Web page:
Divorcing and bankrupt?

Divorce and bankruptcy often go hand-in-hand, especially in today’s economy.

Divorce can lead to financial challenges. When spouses decide to divorce, they are splitting their property into two and going from two incomes to one. This is a significant financial change that few people are able to anticipate.

Similarly, financial challenges can lead to divorce. Money issues are one of the leading causes of divorce. Furthermore, the financial stress brought on by overwhelming debt can challenge even the strongest of marriages.

Thus, it is not uncommon for bankruptcy clients to seek divorce and divorce clients to seek bankruptcy. Yet, couples considering both bankruptcy and divorce need to know that the order in which they file matters, and often depends on a couple’s unique situation.

Bankruptcy before divorce

Usually, it is best to file for bankruptcy, then divorce.

First, spouses can file for bankruptcy together, which means they do not need to pay two separate filing fees.

Second, bankruptcy includes an automatic stay, which stops the property division aspect of a divorce. After bankruptcy, property division can be simpler, since many of the debts can be discharged through bankruptcy and will no longer need to be divided.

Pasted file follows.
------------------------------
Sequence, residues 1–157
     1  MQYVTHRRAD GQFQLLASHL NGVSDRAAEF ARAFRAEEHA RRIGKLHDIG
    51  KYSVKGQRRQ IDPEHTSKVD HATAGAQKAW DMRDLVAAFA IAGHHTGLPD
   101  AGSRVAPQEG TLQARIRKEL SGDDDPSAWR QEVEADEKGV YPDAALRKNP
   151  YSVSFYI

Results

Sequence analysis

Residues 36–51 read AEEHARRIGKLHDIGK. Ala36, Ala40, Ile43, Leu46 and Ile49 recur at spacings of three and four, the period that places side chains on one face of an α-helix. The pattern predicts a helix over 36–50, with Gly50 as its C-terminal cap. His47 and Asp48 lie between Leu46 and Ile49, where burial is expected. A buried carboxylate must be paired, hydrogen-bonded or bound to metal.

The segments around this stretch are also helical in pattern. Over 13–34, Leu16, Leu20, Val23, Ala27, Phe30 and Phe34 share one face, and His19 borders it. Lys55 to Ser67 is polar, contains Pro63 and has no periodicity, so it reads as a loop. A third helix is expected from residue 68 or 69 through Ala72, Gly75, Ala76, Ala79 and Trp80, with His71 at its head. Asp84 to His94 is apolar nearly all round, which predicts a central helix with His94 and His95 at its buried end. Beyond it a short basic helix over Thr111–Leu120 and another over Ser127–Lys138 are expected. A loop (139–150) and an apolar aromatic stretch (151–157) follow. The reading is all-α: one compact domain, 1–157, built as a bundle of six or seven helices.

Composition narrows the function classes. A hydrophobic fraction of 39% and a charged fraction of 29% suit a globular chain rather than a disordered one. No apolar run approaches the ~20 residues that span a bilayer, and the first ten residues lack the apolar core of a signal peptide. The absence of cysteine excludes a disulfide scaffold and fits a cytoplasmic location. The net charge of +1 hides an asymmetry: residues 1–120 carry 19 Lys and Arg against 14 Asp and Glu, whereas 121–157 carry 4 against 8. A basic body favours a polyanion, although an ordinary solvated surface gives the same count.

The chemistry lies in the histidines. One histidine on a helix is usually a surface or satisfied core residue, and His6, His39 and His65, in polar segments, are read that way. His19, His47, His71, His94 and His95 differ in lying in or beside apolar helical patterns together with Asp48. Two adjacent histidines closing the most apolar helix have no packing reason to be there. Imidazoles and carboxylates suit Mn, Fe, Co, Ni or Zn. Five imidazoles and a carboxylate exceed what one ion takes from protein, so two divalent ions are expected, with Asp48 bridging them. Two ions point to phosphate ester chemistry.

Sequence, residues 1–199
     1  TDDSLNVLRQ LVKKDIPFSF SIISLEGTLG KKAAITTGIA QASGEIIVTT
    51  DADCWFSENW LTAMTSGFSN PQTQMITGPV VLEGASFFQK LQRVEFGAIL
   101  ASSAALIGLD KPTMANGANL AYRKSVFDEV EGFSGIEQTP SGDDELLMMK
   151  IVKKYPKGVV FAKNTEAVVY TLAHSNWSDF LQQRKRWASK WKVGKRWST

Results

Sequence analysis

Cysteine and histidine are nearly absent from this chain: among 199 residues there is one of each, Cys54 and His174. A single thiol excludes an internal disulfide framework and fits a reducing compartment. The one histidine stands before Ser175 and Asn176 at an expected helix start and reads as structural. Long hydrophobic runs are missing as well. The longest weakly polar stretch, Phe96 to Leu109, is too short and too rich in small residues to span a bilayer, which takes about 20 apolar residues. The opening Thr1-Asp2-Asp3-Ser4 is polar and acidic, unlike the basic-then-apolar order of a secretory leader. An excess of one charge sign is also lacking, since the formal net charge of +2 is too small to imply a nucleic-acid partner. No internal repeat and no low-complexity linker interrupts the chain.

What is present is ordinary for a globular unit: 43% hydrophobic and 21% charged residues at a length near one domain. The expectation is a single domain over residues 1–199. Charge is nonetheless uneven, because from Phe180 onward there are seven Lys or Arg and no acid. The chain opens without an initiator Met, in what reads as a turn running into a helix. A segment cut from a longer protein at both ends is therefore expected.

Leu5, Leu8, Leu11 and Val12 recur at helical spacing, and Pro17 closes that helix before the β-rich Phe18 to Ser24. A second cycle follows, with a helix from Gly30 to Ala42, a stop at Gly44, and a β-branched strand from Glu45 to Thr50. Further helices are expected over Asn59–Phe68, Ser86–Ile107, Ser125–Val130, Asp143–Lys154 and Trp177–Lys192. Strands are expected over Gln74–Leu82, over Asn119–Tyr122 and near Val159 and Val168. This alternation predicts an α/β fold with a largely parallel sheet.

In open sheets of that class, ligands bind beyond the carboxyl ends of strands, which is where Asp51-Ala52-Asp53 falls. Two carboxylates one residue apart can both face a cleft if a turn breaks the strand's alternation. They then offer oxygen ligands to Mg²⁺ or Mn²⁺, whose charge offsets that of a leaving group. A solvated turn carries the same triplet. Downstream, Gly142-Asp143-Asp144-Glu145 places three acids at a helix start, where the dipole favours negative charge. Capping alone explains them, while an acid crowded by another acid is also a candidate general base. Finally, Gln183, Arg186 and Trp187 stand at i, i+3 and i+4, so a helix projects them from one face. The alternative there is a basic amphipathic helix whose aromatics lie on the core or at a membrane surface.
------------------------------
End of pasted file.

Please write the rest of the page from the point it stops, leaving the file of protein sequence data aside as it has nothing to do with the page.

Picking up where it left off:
Finally, by filing for bankruptcy together, you and your spouse will both be released from liability for the debts discharged during bankruptcy. If only one spouse files for bankruptcy, the other spouse will still be liable for the debts assigned to his or her name, even if they were discharged during the first spouse’s bankruptcy.

Divorce before bankruptcy

For couples who make too much money to file for bankruptcy before divorce, bankruptcy after divorce may be an option. Splitting incomes in half may allow one or both of the spouses to file for bankruptcy alone. Furthermore, since some assets are exempt from liquidation during a Chapter 7 bankruptcy, there is some strategy involved in waiting to file for bankruptcy until after divorce. You may be able to give up your nonexempt property in exchange for more exempt property during a divorce, making a bankruptcy more financially effective.

Before you file for divorce or bankruptcy, speak with an experienced bankruptcy lawyer. Do not consent to divorce or file bankruptcy before you consider all of your options.


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